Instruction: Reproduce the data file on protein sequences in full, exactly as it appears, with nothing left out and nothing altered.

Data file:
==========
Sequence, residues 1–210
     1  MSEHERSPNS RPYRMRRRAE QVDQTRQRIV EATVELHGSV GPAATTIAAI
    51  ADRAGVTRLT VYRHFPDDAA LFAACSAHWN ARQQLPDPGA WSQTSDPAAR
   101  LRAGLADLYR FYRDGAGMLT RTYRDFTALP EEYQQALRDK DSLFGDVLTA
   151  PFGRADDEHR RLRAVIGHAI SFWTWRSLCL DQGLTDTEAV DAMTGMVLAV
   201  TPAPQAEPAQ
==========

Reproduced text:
Sequence, residues 1–210
     1  MSEHERSPNS RPYRMRRRAE QVDQTRQRIV EATVELHGSV GPAATTIAAI
    51  ADRAGVTRLT VYRHFPDDAA LFAACSAHWN ARQQLPDPGA WSQTSDPAAR
   101  LRAGLADLYR FYRDGAGMLT RTYRDFTALP EEYQQALRDK DSLFGDVLTA
   151  PFGRADDEHR RLRAVIGHAI SFWTWRSLCL DQGLTDTEAV DAMTGMVLAV
   201  TPAPQAEPAQ